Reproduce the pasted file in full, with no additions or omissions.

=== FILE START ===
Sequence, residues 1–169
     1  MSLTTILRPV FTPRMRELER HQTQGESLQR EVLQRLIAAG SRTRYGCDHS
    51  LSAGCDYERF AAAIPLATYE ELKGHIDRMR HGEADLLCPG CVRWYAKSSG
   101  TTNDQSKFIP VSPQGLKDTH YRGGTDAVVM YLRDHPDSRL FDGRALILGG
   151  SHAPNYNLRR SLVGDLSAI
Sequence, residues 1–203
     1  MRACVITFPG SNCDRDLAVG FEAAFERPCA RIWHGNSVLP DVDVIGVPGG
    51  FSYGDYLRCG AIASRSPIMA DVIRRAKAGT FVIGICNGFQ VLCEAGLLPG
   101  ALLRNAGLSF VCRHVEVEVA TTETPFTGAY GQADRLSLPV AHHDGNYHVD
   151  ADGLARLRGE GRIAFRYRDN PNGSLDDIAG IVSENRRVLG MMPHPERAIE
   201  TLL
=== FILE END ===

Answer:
Sequence, residues 1–169
     1  MSLTTILRPV FTPRMRELER HQTQGESLQR EVLQRLIAAG SRTRYGCDHS
    51  LSAGCDYERF AAAIPLATYE ELKGHIDRMR HGEADLLCPG CVRWYAKSSG
   101  TTNDQSKFIP VSPQGLKDTH YRGGTDAVVM YLRDHPDSRL FDGRALILGG
   151  SHAPNYNLRR SLVGDLSAI
Sequence, residues 1–203
     1  MRACVITFPG SNCDRDLAVG FEAAFERPCA RIWHGNSVLP DVDVIGVPGG
    51  FSYGDYLRCG AIASRSPIMA DVIRRAKAGT FVIGICNGFQ VLCEAGLLPG
   101  ALLRNAGLSF VCRHVEVEVA TTETPFTGAY GQADRLSLPV AHHDGNYHVD
   151  ADGLARLRGE GRIAFRYRDN PNGSLDDIAG IVSENRRVLG MMPHPERAIE
   201  TLL